Sir David Adjaye Discusses His Hugh Masekela Memorial Pavilion in Johannesburg
House and Leisure speaks with celebrated architect Sir David Adjaye about his design for the Hugh Masekela Memorial Pavilion in Johannesburg.
The life of the late South African musician Hugh Masekela, affectionately known as Bra Hugh by his fans and admirers, has been lovingly commemorated in a fashion befitting the legendary performer. Award-winning, Ghana-based architect Sir David Adjaye – who is responsible for such iconic structures as the new Smithsonian National Museum of African American History and Culture – recently-unveiled his Hugh Masekela Memorial Pavilion at the Westpark Cemetery in Johannesburg, where many of South Africa's celebrated artists and political figures have found their final resting place.
The Hugh Masekela Memorial Pavilion sees a series of stone plinths and platforms interconnecting in a poetic combination of colour, texture and form. The pavilion's design, Sir Adjaye explains, echoes traditional African burial practices. He created a space where those paying tribute to Masekela's life are able to commune with his spirit, much like the Lekgotla design that's familiar to so many of Southern Africa's cultures. The Hugh Masekela Memorial Pavilion also continues what Sir Adjaye describes as his 'making memory' approach to the design of these sorts of spaces,
We caught up with Sir Adjaye to learn more about his approach to the design, and his personal memories of Hugh Masekela.
Sir David Adjaye Discusses the Hugh Masekela Memorial Pavilion
How did Bra Hugh feature in your life? What influence did he and his music have on you?
Growing up between Tanzania, Ghana and the UK, the anti-apartheid movement and struggle resonated with Africans and migrants across the globe. South Africa’s struggle for liberation featured on the agenda of Africans on and off the continent, as did the civil rights and other movements geared at liberating Africans from the onslaught of oppressive regimes. Bra Hugh’s music, lyrics and sound brought hope and optimism, and reflected his flair for Afrobeat and jazz long before the word 'Afrobeat' was coined.
He embodied Pan-Africanism as a cultural activist and musical genius from the outset, and was unapologetic about the importance of championing and celebrating African heritage and its unique offering throughout the world. Through his distinctive sound, Bra Hugh told of a brighter African future, which is a narrative we are beginning to realise today as Africa’s arts, design, music, film and architectural disciplines raise to prominence in the 21st century.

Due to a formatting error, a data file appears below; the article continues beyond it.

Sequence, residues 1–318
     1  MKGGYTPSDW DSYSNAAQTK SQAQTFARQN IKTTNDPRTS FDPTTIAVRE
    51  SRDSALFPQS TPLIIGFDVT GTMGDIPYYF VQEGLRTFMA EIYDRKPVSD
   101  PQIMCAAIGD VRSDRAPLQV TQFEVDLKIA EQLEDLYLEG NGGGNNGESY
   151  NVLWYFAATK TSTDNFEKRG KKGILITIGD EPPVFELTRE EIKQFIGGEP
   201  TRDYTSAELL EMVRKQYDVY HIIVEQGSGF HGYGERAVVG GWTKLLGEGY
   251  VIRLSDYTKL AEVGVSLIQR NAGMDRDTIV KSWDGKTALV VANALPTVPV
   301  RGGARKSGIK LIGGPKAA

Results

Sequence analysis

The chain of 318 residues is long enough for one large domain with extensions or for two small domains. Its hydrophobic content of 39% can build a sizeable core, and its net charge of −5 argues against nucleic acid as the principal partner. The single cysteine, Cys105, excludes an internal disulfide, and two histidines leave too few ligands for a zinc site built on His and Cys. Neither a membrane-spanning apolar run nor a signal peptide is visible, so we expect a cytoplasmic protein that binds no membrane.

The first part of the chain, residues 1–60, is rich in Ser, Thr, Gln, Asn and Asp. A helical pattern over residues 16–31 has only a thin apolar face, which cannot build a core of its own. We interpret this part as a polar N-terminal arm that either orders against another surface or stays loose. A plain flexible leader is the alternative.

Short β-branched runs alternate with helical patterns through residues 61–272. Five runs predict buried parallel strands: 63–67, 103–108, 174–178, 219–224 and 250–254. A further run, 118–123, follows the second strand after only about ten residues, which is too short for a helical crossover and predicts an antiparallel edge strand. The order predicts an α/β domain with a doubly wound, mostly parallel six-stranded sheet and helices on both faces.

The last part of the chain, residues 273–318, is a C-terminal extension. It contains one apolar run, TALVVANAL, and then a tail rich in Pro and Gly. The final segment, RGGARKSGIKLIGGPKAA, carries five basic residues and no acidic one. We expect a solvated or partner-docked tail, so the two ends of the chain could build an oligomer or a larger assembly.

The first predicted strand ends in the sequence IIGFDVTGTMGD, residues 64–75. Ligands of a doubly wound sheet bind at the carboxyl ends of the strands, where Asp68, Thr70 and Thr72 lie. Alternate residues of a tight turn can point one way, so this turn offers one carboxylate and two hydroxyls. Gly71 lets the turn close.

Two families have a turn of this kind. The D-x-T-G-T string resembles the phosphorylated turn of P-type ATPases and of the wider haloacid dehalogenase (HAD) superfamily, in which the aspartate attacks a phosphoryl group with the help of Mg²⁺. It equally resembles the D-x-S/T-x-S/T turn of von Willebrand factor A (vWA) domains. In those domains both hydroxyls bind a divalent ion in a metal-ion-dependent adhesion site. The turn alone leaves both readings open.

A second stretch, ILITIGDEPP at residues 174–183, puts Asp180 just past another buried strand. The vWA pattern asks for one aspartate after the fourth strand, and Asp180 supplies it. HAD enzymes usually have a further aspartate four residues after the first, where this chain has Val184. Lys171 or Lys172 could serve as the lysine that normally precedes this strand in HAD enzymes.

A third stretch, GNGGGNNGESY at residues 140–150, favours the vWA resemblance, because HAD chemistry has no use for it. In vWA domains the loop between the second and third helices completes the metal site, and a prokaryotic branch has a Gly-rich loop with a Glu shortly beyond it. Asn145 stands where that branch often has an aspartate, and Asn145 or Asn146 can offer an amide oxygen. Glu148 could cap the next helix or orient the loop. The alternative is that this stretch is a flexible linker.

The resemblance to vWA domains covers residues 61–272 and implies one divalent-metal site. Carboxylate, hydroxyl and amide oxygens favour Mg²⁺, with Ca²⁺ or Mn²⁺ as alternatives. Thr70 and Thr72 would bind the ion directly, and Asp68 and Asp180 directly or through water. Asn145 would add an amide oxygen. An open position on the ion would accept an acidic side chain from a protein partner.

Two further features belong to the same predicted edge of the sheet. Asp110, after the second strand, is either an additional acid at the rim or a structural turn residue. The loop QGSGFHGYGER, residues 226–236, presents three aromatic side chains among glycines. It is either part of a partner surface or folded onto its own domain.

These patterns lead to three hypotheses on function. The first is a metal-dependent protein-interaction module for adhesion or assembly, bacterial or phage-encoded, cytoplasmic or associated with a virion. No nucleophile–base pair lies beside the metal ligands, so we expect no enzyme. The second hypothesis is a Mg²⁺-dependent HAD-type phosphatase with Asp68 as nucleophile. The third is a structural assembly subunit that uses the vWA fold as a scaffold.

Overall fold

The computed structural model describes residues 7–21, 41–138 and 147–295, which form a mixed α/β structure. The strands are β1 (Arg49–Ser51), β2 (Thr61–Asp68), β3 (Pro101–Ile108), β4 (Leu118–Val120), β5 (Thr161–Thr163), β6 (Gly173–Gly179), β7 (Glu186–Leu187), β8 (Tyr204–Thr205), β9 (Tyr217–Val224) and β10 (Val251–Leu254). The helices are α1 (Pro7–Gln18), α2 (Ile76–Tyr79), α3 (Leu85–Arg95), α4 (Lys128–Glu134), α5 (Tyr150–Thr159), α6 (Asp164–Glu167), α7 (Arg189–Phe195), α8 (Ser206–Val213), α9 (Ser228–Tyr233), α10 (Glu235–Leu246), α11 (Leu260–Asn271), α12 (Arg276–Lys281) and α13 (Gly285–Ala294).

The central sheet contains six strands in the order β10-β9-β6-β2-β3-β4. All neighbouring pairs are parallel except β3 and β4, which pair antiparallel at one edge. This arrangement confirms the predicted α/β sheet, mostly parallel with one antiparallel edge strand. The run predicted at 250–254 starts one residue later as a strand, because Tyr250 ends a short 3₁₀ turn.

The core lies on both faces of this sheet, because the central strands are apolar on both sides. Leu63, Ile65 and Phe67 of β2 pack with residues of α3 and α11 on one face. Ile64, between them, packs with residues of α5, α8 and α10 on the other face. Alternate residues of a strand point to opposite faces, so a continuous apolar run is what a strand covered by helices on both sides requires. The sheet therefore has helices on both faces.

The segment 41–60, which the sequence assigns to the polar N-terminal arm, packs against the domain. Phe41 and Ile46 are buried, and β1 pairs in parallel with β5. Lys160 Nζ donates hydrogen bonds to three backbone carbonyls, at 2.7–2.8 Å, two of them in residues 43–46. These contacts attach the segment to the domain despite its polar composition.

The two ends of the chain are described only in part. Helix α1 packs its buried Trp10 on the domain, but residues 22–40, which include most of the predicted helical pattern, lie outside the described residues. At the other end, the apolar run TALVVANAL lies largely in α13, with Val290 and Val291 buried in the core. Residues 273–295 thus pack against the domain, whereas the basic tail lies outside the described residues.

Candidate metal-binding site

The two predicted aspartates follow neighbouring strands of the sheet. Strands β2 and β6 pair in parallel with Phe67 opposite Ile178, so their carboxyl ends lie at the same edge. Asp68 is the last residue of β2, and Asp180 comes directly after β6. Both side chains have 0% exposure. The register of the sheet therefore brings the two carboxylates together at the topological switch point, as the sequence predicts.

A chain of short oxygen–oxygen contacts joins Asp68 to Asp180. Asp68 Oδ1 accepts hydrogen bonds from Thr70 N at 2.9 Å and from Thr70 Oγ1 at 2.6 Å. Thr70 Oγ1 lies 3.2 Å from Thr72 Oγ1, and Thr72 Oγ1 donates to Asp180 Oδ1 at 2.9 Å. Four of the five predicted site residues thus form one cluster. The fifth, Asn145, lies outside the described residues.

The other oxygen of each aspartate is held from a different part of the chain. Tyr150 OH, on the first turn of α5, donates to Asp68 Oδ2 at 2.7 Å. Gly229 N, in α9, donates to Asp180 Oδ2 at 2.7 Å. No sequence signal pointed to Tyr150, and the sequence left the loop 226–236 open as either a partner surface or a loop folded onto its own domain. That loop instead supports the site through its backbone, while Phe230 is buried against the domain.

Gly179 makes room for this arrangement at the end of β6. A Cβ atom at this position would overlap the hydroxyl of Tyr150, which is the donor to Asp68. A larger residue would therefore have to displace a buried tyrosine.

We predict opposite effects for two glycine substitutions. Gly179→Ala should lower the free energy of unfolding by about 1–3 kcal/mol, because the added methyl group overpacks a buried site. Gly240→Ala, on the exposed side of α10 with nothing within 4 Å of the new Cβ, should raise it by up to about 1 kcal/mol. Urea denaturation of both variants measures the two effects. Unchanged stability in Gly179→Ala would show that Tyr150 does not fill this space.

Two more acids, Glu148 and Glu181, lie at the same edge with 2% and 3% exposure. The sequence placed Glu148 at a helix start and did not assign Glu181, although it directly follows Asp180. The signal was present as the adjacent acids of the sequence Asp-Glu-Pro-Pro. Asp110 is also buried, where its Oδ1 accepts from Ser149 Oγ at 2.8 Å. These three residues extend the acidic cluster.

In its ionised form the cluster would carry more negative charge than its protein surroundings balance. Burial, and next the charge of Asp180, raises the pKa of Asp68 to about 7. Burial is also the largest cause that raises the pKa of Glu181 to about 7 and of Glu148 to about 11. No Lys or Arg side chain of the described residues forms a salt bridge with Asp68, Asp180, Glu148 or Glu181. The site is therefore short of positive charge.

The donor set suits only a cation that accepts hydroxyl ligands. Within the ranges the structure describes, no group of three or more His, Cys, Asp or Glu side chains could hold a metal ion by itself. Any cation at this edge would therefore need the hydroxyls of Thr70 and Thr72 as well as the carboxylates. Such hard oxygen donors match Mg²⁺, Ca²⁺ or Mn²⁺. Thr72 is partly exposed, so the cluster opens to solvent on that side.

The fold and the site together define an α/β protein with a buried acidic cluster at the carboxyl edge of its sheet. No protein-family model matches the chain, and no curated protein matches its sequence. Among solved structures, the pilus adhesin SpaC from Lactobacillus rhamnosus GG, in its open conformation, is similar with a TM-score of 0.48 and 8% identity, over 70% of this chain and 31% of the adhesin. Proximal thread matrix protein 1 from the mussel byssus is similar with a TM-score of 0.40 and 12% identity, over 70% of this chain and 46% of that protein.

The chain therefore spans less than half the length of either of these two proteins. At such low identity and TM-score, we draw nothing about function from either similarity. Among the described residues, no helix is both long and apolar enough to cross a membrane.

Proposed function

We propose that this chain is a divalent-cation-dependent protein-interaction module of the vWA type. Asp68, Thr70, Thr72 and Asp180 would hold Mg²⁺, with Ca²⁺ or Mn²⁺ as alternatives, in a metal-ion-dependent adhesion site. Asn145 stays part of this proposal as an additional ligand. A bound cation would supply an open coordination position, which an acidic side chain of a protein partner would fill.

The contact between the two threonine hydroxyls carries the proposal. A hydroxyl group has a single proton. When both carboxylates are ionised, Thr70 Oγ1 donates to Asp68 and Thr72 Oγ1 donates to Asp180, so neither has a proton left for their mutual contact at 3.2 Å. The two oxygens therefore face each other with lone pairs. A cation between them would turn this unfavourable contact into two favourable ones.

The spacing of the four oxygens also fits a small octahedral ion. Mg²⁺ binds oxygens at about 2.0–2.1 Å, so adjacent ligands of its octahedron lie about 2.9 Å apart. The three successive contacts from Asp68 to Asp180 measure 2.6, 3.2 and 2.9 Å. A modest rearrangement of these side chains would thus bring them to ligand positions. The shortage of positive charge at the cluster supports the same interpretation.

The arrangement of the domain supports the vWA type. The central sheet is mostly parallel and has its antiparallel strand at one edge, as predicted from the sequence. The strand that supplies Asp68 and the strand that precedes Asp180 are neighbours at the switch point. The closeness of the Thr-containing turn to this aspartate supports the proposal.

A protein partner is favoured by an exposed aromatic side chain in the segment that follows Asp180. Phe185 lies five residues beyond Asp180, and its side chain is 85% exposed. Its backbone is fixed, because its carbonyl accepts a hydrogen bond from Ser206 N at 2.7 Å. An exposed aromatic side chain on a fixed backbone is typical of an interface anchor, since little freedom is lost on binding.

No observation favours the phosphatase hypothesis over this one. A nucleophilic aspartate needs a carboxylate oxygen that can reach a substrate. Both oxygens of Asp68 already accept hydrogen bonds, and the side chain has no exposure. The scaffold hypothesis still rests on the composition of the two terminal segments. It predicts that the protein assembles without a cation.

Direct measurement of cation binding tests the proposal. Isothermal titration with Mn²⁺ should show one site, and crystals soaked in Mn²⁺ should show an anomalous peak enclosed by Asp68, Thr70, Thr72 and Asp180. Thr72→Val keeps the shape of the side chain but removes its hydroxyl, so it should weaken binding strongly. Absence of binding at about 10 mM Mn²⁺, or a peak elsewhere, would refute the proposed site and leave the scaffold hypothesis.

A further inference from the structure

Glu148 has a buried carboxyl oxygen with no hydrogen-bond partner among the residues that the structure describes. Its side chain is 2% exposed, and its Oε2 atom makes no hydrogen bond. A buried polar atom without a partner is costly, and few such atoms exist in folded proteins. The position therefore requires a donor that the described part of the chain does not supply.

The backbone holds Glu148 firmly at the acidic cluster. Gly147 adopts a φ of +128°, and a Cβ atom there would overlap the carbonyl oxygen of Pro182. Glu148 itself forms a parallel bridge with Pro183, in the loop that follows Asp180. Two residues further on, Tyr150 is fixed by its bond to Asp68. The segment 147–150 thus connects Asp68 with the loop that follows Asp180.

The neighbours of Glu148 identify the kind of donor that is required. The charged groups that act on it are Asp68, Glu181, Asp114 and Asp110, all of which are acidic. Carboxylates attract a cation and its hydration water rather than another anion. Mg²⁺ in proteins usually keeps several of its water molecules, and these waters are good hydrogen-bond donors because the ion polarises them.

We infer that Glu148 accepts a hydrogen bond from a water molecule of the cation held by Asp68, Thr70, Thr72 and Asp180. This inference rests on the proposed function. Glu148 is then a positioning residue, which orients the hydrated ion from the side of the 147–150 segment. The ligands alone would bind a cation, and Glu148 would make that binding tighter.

Tell us about your 'making monuments' approach and how it informed your design of the Hugh Masekela Memorial Pavilion.
My approach to designing monuments and memorials, what I provocatively termed 'making memory' for my exhibition at the Design Museum in London, is born of a desire to show that architecture – like music and art – reflects our collective consciousness.
This pavilion, or 'lekgotla', designed for Bra Hugh is symbolic of his passion and desire to see us come together to advance African consciousness, to see us leverage our heritage and wisdom as cultural capital to the benefit of our people and communities. Given the richness of Pan-African culture, it is no wonder that today, cultural creative industries lie at the precipice of global shifts taking place across key disciplines: design, fine art, literature, music and architecture.
Which are your favourite Hugh Masekela songs?
‘Market Place’ stands out among others. This song captures the quintessential African scene and landscape. It pays homage to the African woman, her colourful traditional dress and textile, her grace and resourcefulness. This song is the story of Africa’s fortitude, warmth (sunlit skies), beauty and ancient wisdom. This music will live with us all forever.
What are you hoping your Hugh Masekela Memorial Pavilion becomes for the people of South Africa?
The memorial pavilion structure houses a variety of specially selected stone benches, sourced from different parts of the continent where Bra Hugh spent time in while he was in exile. While visitors to the monument can expect a solemn, peaceful, beautiful place to reflect and draw inspiration from Bra Hugh’s life and his love of African heritage and culture, my hope is that the site also reminds South Africans that they belong to a broader community that is the African continent.
The benches from North, East, West and Southern Africa serve to highlight something Bra Hugh believed in throughout his life – our customs and rituals, and love of music, art and design, reflecting our shared identity and strength as a unified people. True Pan-Africanism is about celebrating and leveraging each nation’s distinct strengths, and benefitting the collective by advancing African industries, economies, leadership, environment, heritage and culture, nurturing and preserving our indigenous knowledge systems and African family for future generations.